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annotating to pseudogenes
jane at ebi.ac.uk
Tue Mar 14 07:53:06 PST 2006
Hi Christine - when you say you assigned GO terms to your pseudogenes, do
you mean you assigned the function the pseudogene would have had before it
became a pseudogene?
On Tue, 14 Mar 2006, Christiane Hertz-Fowler wrote:
> we have also been struggeling with this for a while during the
> annotation of pathogen genomes. Particularly in the case of the
> Trypanosoma brucei genome which encodes in excess of 1,000 pseudogenes
> (out of approx. 9,000 genes). There is experimental evidence that
> fragments/parts of pseudogenes can recombine to produce functional genes
> which are expressed. We have assigned GO terms to these pseudogenes,
> though this is was more for internal purposes at this stage and these
> associations don't make it either into GeneDB or (obviously) the gene
> association files. The definition of a pseudogene as listed below is
> probably in line with this but could possibly be extended to capture
> this oddity. However, I would disagree with not being able to assign GO
> terms to pseudogenes ...
> contrary to the last couple of e-mails.
> -----Original Message-----
> From: owner-annotation at genome.stanford.edu
> [mailto:owner-annotation at genome.stanford.edu] On Behalf Of David Hill
> Sent: 14 March 2006 13:51
> To: Suzanna Lewis
> Cc: Rama Balakrishnan; Sue Rhee; song-devel at lists.sourceforge.net;
> Pascale Gaudet; Barry Smith; GO Annotation list
> Subject: Re: annotating to pseudogenes
> I agree with Suzi, 100%
> Suzanna Lewis wrote:
> > Hmm, this seems to me to raise some questions regarding dual uses for
> > unknown. It the case of gene products where you simply do not *yet*
> > known the function they are annotated to 'unknown'. But conversely, if
> > we look at the definition from the SO, a pseudogene is clearly
> > something that has *no* function:
> > "Pseudogene: A sequence that closely resembles a known functional
> > gene, at another locus within a genome, that is *non-functional* as a
> > consequence of (usually several) mutations that prevent either its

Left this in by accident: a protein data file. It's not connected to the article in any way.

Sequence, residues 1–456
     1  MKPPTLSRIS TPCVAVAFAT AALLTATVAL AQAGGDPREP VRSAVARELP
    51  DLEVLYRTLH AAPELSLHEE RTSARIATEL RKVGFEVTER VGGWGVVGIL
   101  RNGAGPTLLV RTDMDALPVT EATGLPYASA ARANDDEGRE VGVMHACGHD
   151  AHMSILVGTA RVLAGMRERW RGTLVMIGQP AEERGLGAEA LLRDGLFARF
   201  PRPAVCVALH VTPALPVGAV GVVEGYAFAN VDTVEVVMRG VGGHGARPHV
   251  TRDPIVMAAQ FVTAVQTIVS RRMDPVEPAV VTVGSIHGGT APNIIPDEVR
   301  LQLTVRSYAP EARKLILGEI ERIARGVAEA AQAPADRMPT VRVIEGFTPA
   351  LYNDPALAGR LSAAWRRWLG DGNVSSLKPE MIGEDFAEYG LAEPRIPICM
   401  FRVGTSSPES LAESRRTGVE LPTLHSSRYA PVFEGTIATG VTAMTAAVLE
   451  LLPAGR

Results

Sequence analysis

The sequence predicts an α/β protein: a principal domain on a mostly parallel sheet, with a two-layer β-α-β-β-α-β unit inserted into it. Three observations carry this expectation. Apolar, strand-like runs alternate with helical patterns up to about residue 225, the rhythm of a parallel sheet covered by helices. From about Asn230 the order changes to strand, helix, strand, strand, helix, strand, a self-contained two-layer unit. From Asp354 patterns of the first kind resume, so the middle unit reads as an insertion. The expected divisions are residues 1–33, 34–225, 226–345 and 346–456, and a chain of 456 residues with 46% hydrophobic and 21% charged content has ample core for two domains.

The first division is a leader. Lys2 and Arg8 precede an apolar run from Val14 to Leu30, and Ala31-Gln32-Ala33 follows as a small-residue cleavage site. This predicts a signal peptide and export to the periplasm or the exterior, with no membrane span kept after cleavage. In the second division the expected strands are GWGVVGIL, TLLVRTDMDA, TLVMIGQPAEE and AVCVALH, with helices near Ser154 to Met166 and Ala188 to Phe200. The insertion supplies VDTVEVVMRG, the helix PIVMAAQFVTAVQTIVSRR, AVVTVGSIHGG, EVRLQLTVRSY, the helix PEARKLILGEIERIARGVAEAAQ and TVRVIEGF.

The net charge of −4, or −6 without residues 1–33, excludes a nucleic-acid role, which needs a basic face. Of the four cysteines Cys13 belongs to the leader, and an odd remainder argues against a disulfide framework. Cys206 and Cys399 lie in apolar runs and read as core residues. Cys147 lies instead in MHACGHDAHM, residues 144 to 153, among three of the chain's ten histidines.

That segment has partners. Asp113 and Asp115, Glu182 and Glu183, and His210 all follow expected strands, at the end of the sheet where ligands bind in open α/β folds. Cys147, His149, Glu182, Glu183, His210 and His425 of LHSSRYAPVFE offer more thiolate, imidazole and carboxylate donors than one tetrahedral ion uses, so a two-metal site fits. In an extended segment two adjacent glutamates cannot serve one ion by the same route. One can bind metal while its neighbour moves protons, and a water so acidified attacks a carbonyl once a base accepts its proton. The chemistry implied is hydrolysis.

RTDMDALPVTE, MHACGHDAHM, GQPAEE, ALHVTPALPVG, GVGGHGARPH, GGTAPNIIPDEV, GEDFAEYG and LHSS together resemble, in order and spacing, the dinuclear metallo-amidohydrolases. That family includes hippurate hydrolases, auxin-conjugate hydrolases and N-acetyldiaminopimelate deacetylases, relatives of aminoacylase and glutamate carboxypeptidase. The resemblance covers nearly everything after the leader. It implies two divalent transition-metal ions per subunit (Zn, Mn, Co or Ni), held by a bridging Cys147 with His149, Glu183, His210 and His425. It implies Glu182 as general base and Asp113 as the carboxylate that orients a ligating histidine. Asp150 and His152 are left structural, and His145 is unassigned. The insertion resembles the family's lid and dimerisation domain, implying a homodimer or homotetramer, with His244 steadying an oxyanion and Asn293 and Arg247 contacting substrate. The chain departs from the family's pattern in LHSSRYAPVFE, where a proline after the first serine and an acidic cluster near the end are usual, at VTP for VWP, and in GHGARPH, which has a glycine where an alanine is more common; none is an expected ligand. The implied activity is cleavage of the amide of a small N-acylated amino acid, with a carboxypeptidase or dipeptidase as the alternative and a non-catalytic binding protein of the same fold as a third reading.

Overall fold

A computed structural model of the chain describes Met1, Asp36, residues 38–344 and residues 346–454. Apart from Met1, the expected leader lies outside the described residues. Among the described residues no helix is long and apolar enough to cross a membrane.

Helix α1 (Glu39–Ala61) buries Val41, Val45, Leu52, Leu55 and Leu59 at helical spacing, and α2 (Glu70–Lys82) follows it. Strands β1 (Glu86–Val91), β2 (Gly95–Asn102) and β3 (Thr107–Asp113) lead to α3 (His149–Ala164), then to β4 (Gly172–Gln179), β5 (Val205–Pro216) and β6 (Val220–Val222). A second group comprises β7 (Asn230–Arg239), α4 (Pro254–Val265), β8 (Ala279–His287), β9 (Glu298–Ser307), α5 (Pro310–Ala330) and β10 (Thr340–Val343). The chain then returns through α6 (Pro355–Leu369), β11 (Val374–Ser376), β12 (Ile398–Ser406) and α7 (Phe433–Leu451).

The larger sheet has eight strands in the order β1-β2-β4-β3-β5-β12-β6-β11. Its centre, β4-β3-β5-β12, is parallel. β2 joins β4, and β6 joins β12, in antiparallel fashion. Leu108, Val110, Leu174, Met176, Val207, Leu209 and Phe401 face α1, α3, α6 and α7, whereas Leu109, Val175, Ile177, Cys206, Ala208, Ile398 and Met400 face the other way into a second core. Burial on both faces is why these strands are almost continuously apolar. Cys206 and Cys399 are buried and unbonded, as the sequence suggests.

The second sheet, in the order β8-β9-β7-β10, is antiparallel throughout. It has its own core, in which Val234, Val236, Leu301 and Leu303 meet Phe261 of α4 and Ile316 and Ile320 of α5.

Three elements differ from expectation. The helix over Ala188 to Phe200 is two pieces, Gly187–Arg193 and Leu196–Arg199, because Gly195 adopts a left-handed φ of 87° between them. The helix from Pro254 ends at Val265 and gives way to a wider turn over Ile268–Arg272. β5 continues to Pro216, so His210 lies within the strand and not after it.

> > transcription or translation (or both). In general, pseudogenes result
> > from either reverse transcription of a transcript of their "normal"
> > paralog (SO:0000043) (in which case the pseudogene typically lacks
> > introns and includes a poly(A) tail) or from recombination
> > (SO:0000044) (in which case the pseudogene is typically a tandem
> > duplication of its "normal" paralog)."
> > http://song.sourceforge.net/SO_view/index.html
> > (caution, may take some time to load)
> > Annotating pseudogenes to "unknown" implies that they have a function
> > (but it is not yet known), but pseudogenes have no function by
> > definition, so there is a contradiction.
> > -S
> > On Mar 13, 2006, at 12:02 PM, Rama Balakrishnan wrote:
> >> Hi Sue,
> >> At SGD, we also annotate pseudogenes to unknown.
> >> rama
> >> On Mar 13, 2006, at 11:49 AM, Pascale Gaudet wrote:
> >>> Hi Sue,
> >>> At dictyBase we annotate pseudogenes to unknown.
> >>> Pascale
> >>> At 11:45 AM 3/13/2006 -0800, Sue Rhee wrote:
> >>>> Hi all:
> >>>> We are discussing whether/how to annotate to pseudogenes at TAIR.
> >>>> We are debating whether to annotate them to 'unknown' terms or not
> >>>> annotate them at all. I'd like to know how the other MODs are
> >>>> handling them.
> >>>> Thanks for your input,
> >>>> Sue
> David P. Hill, Ph.D.
> Senior Scientific Curator
> Mouse Genome Informatics
> Gene Ontology Consortium
> The Jackson Laboratory
> 600 Main Street
> Bar Harbor, ME 04609-1500
Dr Jane Lomax
GO Editorial Office
Wellcome Trust Genome Campus
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